I eventually applied my detective skills to the Gospel accounts, examining the documents through the lens of forensic statement analysis—a standard technique used to detect deception—and testing them as eyewitness accounts. Were they written early enough to have been written by eyewitnesses? Was there any corroborative evidence to support their claims? Did they alter or change their story over time? Were the authors motivated to lie about Jesus? As I slowly sifted through the evidence of the Gospel accounts, I became more skeptical about my skepticism.

I was also impressed with the evidential approach of Jesus. 

When John the Baptist was arrested by Herod, for example, he sent two of his own disciples to ask Jesus a question: “Are You the Expected One, or do we look for someone else?” (see Luke 7:18-23). When I first read this passage, I thought about all the things Jesus could have done or said in response to John’s expression of doubt. He could have condemned John, but He didn’t. He could have instructed John to trust what he had been taught as a child, or what he had “experienced” in the past. But that’s not how Jesus responded. 

Instead, Jesus provided John’s disciples with objective evidence, reminding them of the many miracles He had performed in their presence, and telling them to go and report to John what they had seen and heard: “the blind receive sight, the lame walk, the lepers are cleansed, and the deaf hear, the dead are raised up, the poor have the gospel preached to them.”

That’s the response of an evidentialist; someone who understands the importance of objective evidence in addition to personal experience.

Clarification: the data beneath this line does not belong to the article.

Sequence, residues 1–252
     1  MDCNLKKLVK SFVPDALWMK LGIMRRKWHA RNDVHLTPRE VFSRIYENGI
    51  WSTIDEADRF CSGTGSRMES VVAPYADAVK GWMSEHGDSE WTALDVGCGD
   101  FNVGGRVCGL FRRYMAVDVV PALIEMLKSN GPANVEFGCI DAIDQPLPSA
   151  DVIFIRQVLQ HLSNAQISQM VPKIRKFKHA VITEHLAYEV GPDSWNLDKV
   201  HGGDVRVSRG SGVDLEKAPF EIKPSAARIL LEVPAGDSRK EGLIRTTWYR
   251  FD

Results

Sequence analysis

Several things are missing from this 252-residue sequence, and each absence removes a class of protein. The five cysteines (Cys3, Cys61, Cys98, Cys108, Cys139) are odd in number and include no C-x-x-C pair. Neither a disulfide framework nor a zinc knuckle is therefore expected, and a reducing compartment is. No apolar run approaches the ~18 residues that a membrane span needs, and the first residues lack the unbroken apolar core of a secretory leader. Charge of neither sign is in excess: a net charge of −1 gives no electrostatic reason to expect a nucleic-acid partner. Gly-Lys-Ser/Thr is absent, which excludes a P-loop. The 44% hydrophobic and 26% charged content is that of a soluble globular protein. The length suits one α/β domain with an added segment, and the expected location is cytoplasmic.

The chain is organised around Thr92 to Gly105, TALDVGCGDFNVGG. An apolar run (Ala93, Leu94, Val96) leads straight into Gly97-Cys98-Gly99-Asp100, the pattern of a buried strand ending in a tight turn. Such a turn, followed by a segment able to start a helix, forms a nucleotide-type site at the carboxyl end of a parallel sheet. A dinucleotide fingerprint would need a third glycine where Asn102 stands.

The first century disciples followed Jesus’ example, just as Luke recorded in his book The Acts of the Apostles. Time after time, the disciples testified as to how what they saw related to the Resurrection. Seldom did they communicate their personal, transformational experiences.

As I sifted through the historical evidence for the New Testament (something I’ve written about in Cold-Case Christianity), I arrived at what I call “belief that.” Based on my critical investigation of what the Bible said about Jesus, I came to believe “that” He was truly born of a virgin, lived a sinless life, worked miracles, died on a cross, was buried in a grave, and rose back to life three days later. But I wasn’t a follower of Christ yet. 

Once I trusted what the Bible said about Jesus, however, I started to read what it had to say about me. I recognized, for the first time, my fallen, sinful condition, and my need for a Savior. With that simple shift from trusting what the Bible said about Jesus to trusting what it said about me, the Holy Spirit led me from “belief that” to “belief in.” I accepted Jesus as my Savior.